Fly High with Curated User-Generated Content
Artificial intelligence could pave the way for more consumers to create and share great photos and other content that brands can repurpose.
When travel and hospitality (T&H) brands post great visuals online, especially on social media, it can sway a reader’s opinion and help sell an experience. But producing that captivating imagery can take a lot of time, effort, and know-how.
Enter artificial intelligence (AI). Its power to enable better photos of travel destinations and give more options to choose from is benefitting both travelers and travel brands. Not only can AI help produce higher-quality images to start with, but it also helps brands easily find and leverage high-quality, user-generated content (UGC) in their marketing campaigns and promotions. UGC can be powerful for brands for two reasons: it’s a third-party endorsement that comes from a consumer’s peers, and it gives brands much more content from which to choose — content they don’t have to shell out more advertising dollars to pay for.
AI helps create better images and improves content management
AI already has changed photography at the consumer level. The technology can, for instance, improve landscape photography, and Snapchat and Instagram users can enhance their photos with branded filters, which use image recognition technology that is powered by artificial intelligence.
And with a little help from Adobe Sensei, anyone can use this technology to transform a cringe-worthy selfie into a professional-looking, portrait-style photo. Adobe Sensei brings AI to image enhancement and selection, video editing, document management, and data analysis across all Adobe solutions. It uses machine learning and deep analytics to allow a person with a smartphone to change a photo’s perspective, add depth of field or a different background style to an image.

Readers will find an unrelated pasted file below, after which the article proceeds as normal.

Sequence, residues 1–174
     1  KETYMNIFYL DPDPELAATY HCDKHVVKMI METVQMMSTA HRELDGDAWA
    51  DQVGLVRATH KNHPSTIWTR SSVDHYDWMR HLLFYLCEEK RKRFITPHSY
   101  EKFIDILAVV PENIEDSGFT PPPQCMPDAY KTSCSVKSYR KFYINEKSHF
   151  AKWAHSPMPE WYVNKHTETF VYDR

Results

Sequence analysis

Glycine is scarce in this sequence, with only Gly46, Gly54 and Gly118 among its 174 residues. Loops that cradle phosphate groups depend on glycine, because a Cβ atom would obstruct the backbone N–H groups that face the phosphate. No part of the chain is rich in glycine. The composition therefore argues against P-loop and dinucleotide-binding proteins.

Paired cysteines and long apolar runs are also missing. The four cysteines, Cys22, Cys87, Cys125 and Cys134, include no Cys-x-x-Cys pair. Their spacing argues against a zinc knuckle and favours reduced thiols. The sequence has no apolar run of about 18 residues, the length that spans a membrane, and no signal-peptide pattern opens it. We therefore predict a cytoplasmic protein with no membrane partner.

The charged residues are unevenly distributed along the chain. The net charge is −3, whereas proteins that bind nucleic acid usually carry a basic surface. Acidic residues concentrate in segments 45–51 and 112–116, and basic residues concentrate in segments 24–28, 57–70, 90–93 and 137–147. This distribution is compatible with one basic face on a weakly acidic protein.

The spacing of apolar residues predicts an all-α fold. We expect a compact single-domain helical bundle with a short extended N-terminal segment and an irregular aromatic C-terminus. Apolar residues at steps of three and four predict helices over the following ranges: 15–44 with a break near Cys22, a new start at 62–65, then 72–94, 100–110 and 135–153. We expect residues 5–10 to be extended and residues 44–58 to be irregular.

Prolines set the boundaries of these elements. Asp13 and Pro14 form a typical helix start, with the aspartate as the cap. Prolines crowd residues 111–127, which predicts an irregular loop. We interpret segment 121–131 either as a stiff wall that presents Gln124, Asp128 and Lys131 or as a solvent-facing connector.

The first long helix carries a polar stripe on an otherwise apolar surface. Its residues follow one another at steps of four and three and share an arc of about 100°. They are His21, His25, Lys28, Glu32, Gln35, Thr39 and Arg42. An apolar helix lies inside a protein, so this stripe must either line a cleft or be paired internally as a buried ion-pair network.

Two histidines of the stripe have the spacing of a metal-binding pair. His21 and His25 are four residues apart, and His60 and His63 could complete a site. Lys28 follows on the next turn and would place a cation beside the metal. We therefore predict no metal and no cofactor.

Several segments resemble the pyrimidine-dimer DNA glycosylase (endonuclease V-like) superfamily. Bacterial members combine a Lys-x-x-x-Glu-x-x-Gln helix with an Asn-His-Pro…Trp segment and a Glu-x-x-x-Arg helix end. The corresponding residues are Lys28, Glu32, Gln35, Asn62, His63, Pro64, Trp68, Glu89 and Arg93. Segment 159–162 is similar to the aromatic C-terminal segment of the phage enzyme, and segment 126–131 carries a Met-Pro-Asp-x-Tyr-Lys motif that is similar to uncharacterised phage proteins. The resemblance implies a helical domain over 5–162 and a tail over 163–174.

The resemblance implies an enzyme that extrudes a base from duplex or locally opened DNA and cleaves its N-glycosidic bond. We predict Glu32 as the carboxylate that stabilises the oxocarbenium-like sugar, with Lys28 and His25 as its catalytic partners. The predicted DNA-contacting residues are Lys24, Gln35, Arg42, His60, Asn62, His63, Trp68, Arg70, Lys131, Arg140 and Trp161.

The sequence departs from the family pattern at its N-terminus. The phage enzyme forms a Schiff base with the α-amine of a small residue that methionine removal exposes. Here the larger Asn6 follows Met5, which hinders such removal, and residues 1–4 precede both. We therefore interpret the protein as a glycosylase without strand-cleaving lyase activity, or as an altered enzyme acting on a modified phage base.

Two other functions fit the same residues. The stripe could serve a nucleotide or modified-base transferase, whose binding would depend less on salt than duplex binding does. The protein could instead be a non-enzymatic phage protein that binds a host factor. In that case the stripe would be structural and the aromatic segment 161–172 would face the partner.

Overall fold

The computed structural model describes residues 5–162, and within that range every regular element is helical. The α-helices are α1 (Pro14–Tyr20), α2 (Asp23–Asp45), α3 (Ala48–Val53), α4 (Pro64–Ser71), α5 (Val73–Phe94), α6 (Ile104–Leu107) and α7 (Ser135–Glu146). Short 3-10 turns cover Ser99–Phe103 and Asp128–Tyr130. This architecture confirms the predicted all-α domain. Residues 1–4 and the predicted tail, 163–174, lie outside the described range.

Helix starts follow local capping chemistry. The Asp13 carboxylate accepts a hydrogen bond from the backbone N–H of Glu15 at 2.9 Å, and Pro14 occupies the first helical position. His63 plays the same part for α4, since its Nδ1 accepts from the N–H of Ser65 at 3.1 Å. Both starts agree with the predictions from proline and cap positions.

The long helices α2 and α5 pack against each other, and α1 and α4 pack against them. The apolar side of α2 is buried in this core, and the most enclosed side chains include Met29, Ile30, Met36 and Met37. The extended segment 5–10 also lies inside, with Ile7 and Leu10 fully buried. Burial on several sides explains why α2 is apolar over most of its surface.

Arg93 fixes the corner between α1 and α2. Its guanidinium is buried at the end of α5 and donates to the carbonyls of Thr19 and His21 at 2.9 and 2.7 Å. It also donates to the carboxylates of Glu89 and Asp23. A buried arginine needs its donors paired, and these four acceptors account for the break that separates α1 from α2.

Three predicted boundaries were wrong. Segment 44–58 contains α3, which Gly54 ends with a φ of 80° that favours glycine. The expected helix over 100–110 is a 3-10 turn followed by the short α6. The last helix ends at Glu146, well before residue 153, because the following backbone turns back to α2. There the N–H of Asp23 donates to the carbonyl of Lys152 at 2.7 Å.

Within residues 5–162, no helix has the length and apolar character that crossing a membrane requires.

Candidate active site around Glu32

On the enterprise side, AI can help manage the tens of thousands of images you have by using enhanced photo management. This makes it much easier to sort through and curate a larger selection of visual content shared by your customers.
Jordan Kretchmer, founder of Livefyre and general manager of the product for Adobe, says content creators and brands are responsible for creating 10 times as much content as they did last year, but with the same amount of staff. Livefyre is part of Adobe Experience Manager and lets you find high-quality, user-generated content, categorize that content, and share it on your own site to engage audiences. Its machine-learning algorithms streamline the process of sorting through billions of social media posts every day so you can access the content you want to use.
“Adobe Experience Manager Livefyre can also track an image that was used in an email and performed really well for a certain audience segment, and then recommend that same image to the social media manager,” Jordan says.
And instead of a social media manager manually sorting through images one at a time, Livefyre can identify a photo’s content, style, and context, and automatically tag and organize an entire image library.
AI also can provide filters that determine the quality of a specific user’s content over time.
“There’s automated filtering that reduces the amount of content we show to a brand based on whether a user has posted offensive material in the past, or what we know is in the image or the text, or who that user is,” Jordan says. “We can filter out that content from what is fed to a marketer.”